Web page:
Volume & Position of Gray Matter Linked With Intelligence

The greater the volume of gray matter in certain brain regions, the more intelligent the person is, suggests a study published online in NeuroImage.

grey matter

Researchers from UC Irvine College of Medicine have correlated gray matter volume to intelligence. They reached this conclusion after analysing the structural images of the brain of 47 healthy adults. The participants also had to take standard IQ tests. the volume of gray matter was calculated based on a methodology known as voxel-based morphometry; these findings were then correlated with IQ scores.

We often hear of how big brains are indication of intelligence. Previous studies have found weak links between large brains and higher IQ. However, none of this actually constitute confirmation of this theory. The new study, on the other hand, is the first to show how gray matter located in specific brain regions, as opposed to overall size, is related to IQ.

Furthermore, many other regions are linked to IQ, and different combinations of these spots can also be the reason for IQ scores. This would mean that intelligence would depend on the individual pattern of gray pattern in one’s brain. Also, these areas are found throughout the brain, and thus, one “intelligence centre” is most likely not the actual case. This would adequately explain why two people having the same IQ might be good at different things: for instance, one might be good at maths, and not at spelling, while the situation would be the opposite for another person, while they both score the same for IQ.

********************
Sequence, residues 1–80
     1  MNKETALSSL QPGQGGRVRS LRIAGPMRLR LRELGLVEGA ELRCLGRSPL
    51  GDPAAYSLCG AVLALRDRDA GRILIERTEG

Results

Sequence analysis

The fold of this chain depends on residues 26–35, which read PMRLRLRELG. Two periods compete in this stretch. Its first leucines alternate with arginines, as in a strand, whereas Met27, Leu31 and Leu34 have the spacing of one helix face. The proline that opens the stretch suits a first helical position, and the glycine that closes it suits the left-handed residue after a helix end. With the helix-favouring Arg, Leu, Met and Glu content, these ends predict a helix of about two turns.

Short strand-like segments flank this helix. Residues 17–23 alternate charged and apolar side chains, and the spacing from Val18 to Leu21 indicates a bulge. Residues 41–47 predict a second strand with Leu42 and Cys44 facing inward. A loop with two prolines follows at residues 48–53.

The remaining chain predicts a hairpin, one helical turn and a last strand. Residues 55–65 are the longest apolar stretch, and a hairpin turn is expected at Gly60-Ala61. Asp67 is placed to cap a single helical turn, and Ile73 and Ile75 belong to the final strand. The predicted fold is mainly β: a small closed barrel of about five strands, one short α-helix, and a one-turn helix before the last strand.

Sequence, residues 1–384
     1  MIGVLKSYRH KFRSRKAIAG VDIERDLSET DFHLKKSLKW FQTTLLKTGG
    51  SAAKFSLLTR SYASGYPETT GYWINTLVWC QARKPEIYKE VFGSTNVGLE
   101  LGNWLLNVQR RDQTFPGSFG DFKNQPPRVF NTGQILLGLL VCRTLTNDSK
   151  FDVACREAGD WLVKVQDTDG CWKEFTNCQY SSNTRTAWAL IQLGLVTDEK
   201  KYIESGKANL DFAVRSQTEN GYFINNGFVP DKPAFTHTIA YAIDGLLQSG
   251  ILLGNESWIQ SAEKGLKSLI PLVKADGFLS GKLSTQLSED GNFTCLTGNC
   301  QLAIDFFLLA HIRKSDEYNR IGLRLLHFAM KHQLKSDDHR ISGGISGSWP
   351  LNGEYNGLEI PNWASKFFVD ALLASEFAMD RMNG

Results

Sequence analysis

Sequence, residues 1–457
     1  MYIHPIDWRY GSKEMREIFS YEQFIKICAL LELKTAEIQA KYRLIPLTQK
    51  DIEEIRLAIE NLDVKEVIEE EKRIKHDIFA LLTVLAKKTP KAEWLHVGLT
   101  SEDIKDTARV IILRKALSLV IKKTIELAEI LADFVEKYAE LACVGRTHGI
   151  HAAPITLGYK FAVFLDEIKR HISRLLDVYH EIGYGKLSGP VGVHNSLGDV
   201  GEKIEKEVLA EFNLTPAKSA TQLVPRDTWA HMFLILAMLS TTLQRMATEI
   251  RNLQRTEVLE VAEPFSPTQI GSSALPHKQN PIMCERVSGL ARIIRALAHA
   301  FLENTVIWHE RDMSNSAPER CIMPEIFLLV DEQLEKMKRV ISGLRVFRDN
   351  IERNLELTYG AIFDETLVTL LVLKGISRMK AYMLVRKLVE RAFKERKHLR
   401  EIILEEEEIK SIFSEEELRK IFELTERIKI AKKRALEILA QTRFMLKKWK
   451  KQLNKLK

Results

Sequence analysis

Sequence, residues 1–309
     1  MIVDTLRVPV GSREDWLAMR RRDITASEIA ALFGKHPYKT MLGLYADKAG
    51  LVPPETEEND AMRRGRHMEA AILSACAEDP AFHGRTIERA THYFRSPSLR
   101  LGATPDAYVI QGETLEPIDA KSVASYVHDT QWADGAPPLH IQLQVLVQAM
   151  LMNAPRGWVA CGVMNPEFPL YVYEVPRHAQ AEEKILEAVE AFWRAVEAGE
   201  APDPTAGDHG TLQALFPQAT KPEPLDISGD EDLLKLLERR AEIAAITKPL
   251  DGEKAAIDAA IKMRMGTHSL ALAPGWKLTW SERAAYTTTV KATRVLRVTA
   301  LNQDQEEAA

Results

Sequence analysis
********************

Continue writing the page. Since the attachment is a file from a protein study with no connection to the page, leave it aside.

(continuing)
Another interesting finding is that only around 6% of the gray matter present in the brain seems to be correlated with IQ. So, the efficiency of few structures would be related to intelligence, while the more gray matter, the more intelligent the person would be.

Why would some people have more gray matter than others, though? Sadly, the findings do not cover this relevant question. It might be a matter of genetics, as has hinted other studies: for instance, previous research suggests that the regional distribution of gray matter might be inheritable.

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